06/15/2007 12:00AM

Part-owners of Curlin indicted in fen-phen case


LEXINGTON, Ky. - A federal grand jury has indicted three Lexington lawyers - two of whom own a part-interest in Preakness winner Curlin - on charges that they conspired to commit fraud as part of their representation of 440 people in a lawsuit against the makers of the fen-phen diet drug combination.

William Gallion, 56; Shirley Cunningham Jr., 52; and Melbourne Mills Jr., 76, were served with the indictment on Thursday, about one year after they were temporarily suspended by the state bar because of questions concerning their handling of the $200 million settlement in the 2001 diet-drug case. Gallion and Cunningham purchased Curlin for $57,000 at the 2005 Keeneland September sale, and later sold an 80 percent interest in the colt for a reported $3.5 million.

The three lawyers were each charged with one count of conspiracy to commit fraud and one count of forfeiture and could face a maximum sentence of 20 years and a fine of up to $250,000 under federal sentencing guidelines. The forfeiture count would require the lawyers to repay $65 million to the fen-phen clients.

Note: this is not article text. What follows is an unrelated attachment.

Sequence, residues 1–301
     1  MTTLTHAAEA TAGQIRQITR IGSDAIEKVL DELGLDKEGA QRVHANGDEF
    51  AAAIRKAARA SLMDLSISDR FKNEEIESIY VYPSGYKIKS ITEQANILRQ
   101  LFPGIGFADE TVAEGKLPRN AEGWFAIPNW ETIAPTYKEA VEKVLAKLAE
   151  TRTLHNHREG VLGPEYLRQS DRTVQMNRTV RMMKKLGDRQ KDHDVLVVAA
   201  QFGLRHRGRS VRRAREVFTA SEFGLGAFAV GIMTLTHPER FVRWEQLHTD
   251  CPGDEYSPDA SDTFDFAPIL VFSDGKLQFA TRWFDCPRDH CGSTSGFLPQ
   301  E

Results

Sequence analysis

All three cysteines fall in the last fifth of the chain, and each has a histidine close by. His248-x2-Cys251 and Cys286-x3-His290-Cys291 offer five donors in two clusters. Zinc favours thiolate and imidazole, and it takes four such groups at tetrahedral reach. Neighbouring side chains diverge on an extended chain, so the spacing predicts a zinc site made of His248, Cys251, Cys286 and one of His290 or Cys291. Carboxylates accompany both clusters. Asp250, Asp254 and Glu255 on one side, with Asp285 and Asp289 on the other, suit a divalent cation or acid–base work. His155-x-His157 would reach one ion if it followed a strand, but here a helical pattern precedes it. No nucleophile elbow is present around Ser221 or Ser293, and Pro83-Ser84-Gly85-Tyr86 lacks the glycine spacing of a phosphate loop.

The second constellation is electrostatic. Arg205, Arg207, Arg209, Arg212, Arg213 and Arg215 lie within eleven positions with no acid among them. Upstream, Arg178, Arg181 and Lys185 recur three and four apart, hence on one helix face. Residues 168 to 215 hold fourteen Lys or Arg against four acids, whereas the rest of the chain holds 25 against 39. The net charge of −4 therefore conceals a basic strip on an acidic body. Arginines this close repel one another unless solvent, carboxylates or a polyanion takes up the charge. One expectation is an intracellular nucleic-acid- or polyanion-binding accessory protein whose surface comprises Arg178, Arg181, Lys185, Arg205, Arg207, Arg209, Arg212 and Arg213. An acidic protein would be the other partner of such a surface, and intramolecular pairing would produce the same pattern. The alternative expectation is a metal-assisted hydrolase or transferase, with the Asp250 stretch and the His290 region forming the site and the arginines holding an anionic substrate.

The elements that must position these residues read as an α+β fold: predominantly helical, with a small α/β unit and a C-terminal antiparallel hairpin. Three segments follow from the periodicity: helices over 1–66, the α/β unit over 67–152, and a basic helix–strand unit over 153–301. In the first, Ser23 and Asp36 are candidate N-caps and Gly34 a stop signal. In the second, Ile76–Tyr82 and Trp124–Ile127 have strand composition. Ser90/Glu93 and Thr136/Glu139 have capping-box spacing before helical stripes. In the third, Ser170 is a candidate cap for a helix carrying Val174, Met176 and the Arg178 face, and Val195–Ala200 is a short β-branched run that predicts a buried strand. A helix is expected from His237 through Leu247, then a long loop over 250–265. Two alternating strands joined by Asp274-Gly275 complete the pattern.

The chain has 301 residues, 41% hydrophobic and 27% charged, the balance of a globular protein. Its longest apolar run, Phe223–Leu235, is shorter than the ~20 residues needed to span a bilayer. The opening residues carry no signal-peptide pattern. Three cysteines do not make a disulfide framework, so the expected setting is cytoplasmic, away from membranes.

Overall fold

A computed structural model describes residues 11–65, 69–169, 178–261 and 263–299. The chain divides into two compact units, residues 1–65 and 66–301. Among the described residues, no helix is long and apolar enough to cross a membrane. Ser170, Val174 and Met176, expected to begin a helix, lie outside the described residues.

In the indictment, the federal grand jury claims that the three lawyers did not notify any of the plaintiffs in the case of the amount of the settlement or what the individual plaintiffs were entitled to, "falsely asserting a claim of confidentiality."

"Thereafter, Gallion, Cunningham, and Mills ignored both mandatory court rules and their contractual fee agreements with each plaintiff, fraudulently convinced each plaintiff to acccept a settlement amount without full disclosure of the facts, and defrauded the plaintiffs of approximately $65,000,000," the indictment states.

According to the indictment, the plaintiffs in the suit should have received two-thirds of the $200 million, but instead received a total of $74.2 million, with $28.6 million of that total being distributed only after the lawyers had received a subpoena from the Kentucky Bar Association seeking an explanation of the distribution of the funds.

The three lawyers are also the target of a civil case brought by the plaintiffs, some of whom have asserted that Gallion and Cunningham used proceeds from the case to purchase Curlin, who finished third in the Kentucky Derby and second in the Belmont Stakes. The lawsuit, filed in 2004, is scheduled to go to trial in September.

The criminal case will be prosecuted by U.S. Attorney Amul Thapar of the Eastern District of Kentucky. The lawyers who have been charged will have their initial hearings on June 22 in Covington.